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Initial Steps

Parts Scrounging

Mock Assembly and Initial Modification

The purpose of this article is to serve as a guideline in converting the Dana 20 transfer case from a single shifter to a twin stick shifter. The modifications outlined here were done to the D20 from an Early Bronco (EB). The author is as yet unsure as to whether all aspects of this conversion will apply to the similar Jeep D20 xfer case. Inasmuch, the standard disclaimer applies.


The reader assumes all responsibility in performing the operations outlined herein. This document is meant to serve only as a guideline, and cannot be guaranteed to provide complete information in every circumstance. As every 4x4 project is different, it is up to the reader to determine if the project, and any unforeseen complications that may arise, are within his or her ability to deal with, and improvise solutions to. It is also strongly recommended that you read this article in its entirety before beginning, to familiarize yourself with the procedures and tools involved. I did this conversion myself with no outside help, only my wits, so if you’re mechanically inclined this shouldn’t be too hard. However, you just never know, so if you screw something up, I don’t want to hear about it. To summarize: Proceed at your own risk.



At this point you should have decided whether to tackle this project yourself, or give a copy of this tech article and your checkbook to your local 4x4 shop to perform the modification for you. I’m assuming you’re going to do this yourself, so I’m writing this with more basic tools in mind, and I’ll explain some of the stuff more in depth. If it gets a bit wordy, just skip ahead, as others may need the extra info.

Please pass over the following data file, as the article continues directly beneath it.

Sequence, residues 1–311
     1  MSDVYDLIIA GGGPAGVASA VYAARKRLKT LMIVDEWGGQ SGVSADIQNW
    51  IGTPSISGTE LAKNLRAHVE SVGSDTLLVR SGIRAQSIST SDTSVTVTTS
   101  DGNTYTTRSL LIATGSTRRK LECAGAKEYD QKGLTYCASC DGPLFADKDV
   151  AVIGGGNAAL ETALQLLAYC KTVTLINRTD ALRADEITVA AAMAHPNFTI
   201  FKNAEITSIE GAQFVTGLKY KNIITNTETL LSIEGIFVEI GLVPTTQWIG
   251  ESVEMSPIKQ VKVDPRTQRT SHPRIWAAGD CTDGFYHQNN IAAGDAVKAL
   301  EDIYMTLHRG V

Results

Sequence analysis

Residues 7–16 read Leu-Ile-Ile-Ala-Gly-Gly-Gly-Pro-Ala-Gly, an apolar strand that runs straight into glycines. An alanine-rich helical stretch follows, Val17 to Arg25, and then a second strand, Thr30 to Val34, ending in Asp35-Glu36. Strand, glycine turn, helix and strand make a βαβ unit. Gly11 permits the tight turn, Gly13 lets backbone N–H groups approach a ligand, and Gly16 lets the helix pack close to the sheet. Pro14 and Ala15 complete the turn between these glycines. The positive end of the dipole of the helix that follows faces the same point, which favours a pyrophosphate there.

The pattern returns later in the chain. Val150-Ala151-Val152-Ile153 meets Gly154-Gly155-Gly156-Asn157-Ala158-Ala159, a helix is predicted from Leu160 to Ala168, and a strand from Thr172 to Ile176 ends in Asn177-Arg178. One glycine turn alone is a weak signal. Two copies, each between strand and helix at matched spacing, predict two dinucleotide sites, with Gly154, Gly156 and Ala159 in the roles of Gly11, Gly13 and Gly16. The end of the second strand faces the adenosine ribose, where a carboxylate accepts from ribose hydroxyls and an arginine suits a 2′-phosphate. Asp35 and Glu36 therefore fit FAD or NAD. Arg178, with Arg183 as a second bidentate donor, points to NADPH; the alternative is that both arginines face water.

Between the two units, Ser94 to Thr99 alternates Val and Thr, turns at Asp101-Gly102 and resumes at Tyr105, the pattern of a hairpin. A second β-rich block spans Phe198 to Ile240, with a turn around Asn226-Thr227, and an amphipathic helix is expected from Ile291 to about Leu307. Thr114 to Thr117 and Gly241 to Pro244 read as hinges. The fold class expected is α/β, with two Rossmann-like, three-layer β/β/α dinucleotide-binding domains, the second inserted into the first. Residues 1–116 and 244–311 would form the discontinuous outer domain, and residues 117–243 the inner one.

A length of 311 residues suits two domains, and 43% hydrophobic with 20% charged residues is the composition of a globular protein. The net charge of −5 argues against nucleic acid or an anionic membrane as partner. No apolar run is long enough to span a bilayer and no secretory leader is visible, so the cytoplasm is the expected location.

First of all, you need to put together a mental inventory of what you’re going to need. Foremost, you need a good place to work on your rig. If you can do it outside, more power to you, but I would recommend at least a garage, preferably with a concrete floor. I bribed my 4x4 club president (and good friend) Tye Jones (CJ5Driver) into letting me use his garage by buying him pizza. Next, you’re going to need basic hand tools to remove the transmission and xfer case (as well as a set of allen wrenches with the “universal joint” type ball end and at least a hacksaw), a jack or a buddy to help you lower the unit to the ground, a pair of shifters (or something you’re going to turn into shifters), and hardware to attach the shifters to a solid location and to the shift rails. A shop manual is also very handy. In addition, you may also need an acetylene torch to free up stubborn bolts, a welder if you plan to get fancy with brackets, most likely a drill and [sharp] bits, a long slender magnet or magnetized screwdriver would be helpful, and probably a case of beer. Oh, and put the nearest Papa John’s Pizza on speed dial. (Don’t forget to tip well, as you’ll probably be seeing the delivery guy several times during this project). Lastly, you’re going to need some downtime for your rig. It’s best to have a second vehicle, because it sucks having to walk to AutoZone halfway through the project.